Aquarist is probably a really enjoyable game on PC. On Switch, its severe interface problems combined with a few technical issues makes it really difficult to just chill out and enjoy the simple pleasures of building the aquariums of your dreams and taking care of your fish. Nearly unreadable text, especially in handheld mode, combines with clumsy controls that were obviously designed for a mouse, and the result is very hard to recommend.
SwitchArcade Score: 2.5/5
Them’s Fightin’ Herds ($19.99)
Gosh, that Friendship is Magic era of My Little Pony sure was a whole thing, wasn’t it? The fans really got into it, and it’s no surprise some of them went on to make some really cool things. For example, this fighting game. Indeed, this was originally a My Little Pony fan game, but somewhere along the line I guess they realized they had something good enough to sell. Swap out the Mane Six and company for a new cast of animals designed by Friendship is Magic producer Lauren Faust and, boom, you’re all set. The game includes a story mode, local and online multiplayer, tutorial and training modes, and more. Reviews have been positive, so if you like the look of it, jump on in.
Sigma Theory ($17.99)
A turn-based strategy game with a cool cyberpunk-ish vibe, Sigma Theory has you recruit a team of agents and commit acts of sweet espionage, diplomacy, exfiltration, and more. Think of it like more of a narrative board game than anything else and you’ll be in the right head space to enjoy it. I’m going to go ahead and assume this version includes some or all of the DLC that was sold separately on PC, or else that price doesn’t make a lot of sense.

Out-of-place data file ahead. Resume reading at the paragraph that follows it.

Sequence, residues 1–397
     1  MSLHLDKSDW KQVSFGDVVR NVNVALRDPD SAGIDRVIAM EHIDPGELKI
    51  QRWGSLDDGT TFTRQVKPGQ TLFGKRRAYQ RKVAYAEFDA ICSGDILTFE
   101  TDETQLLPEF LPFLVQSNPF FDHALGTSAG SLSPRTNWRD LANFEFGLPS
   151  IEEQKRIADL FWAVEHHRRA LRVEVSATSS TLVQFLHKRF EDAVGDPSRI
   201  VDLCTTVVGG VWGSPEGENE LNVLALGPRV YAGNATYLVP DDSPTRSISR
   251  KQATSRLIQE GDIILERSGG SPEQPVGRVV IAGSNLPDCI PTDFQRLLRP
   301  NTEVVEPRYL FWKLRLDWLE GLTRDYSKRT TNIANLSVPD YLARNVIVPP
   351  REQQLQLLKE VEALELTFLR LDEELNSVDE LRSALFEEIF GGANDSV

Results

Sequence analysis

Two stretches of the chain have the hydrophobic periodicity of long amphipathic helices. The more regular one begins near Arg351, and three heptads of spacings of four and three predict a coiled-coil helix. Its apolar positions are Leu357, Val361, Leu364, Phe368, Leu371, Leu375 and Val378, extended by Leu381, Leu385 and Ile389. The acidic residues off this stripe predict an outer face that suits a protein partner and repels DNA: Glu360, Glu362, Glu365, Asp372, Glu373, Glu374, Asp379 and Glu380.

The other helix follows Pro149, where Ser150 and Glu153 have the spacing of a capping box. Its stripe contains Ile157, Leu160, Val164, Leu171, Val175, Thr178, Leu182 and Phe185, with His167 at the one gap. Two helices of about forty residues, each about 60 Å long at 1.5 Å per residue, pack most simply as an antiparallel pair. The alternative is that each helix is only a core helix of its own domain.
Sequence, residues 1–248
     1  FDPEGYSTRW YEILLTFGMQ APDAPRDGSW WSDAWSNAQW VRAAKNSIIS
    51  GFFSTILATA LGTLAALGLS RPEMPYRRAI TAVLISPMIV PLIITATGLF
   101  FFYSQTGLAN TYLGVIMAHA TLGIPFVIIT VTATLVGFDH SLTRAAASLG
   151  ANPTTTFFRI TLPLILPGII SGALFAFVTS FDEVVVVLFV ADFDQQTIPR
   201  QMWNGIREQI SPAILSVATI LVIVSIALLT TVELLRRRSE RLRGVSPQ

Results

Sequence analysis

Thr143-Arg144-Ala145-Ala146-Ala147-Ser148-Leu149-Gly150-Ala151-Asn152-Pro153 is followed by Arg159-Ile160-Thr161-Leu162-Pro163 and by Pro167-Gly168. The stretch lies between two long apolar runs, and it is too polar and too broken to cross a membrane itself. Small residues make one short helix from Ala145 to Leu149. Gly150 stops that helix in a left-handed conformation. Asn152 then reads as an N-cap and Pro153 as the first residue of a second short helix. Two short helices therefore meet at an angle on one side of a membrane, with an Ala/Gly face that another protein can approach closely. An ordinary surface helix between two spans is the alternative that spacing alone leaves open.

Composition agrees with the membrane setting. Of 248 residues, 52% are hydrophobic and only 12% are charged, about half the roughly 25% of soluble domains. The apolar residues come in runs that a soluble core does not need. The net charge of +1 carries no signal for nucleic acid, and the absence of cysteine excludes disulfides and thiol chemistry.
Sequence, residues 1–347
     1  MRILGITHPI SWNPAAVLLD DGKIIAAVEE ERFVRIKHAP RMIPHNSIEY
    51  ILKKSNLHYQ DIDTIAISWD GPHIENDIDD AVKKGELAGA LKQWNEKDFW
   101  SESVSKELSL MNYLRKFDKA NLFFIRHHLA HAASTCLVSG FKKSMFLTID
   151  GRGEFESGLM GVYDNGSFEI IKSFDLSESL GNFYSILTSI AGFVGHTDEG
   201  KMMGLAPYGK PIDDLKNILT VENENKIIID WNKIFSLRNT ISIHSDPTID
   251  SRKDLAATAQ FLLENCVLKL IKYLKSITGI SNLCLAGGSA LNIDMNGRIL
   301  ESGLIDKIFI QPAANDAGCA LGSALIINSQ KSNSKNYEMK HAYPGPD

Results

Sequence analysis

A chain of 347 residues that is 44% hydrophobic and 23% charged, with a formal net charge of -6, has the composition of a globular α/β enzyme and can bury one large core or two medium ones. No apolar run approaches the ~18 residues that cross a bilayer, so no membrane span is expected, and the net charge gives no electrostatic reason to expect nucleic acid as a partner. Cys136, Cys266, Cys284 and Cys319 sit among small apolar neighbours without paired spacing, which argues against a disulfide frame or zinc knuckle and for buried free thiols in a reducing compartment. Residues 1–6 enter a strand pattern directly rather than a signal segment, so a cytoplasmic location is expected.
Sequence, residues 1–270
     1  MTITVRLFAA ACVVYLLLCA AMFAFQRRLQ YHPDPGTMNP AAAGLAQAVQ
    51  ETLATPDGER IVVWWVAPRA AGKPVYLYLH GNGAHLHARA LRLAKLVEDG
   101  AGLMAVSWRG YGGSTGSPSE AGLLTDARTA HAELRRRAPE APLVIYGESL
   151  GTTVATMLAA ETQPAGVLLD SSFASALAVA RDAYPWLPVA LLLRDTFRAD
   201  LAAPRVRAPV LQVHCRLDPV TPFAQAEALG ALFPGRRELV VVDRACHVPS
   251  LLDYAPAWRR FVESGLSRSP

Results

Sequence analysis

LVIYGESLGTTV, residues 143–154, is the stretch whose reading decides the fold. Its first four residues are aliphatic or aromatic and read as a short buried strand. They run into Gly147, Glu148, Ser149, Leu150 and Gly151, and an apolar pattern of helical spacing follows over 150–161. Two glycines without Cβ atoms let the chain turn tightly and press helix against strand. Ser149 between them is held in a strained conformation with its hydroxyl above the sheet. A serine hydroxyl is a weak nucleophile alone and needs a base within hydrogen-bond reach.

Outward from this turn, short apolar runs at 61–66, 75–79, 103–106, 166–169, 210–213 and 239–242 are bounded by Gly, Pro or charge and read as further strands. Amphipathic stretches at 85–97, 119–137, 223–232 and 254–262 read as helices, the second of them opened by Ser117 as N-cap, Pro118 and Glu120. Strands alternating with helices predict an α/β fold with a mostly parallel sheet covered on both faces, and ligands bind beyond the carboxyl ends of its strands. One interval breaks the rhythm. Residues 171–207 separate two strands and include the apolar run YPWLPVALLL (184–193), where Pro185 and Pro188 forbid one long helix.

(North American eShop, US Prices)
Oh hey, a sale on King’s Bounty II. That doesn’t come around too often. What else is in there? New Super Lucky’s Tale, Death Road to Canada, Space Raiders in Space, Bear’s Restaurant, and the whole assortment of Thalamus games. Well, that’s not bad for a Tuesday at all! The outbox has a few goodies in it too, so be sure to give both lists a good scan.
Select New Games on Sale
King’s Bounty II ($13.99 from $39.99 until 10/24)
Road 96 ($9.98 from $19.96 until 10/24)
Bear’s Restaurant ($9.74 from $12.99 until 10/24)
Fishing Paradiso ($13.49 from $14.99 until 10/24)
Oxide Room 104 ($14.99 from $24.99 until 10/24)
Timothy vs the Aliens ($3.90 from $16.99 until 10/24)
Naught ($2.99 from $19.99 until 10/24)
Lotus Reverie First Nexus ($4.79 from $15.99 until 10/24)
Space Raiders in Space ($1.99 from $12.99 until 10/25)
Little Bug ($1.99 from $12.99 until 10/25)
Syndrome ($1.99 from $24.99 until 10/25)
Gum+ ($1.99 from $7.99 until 10/25)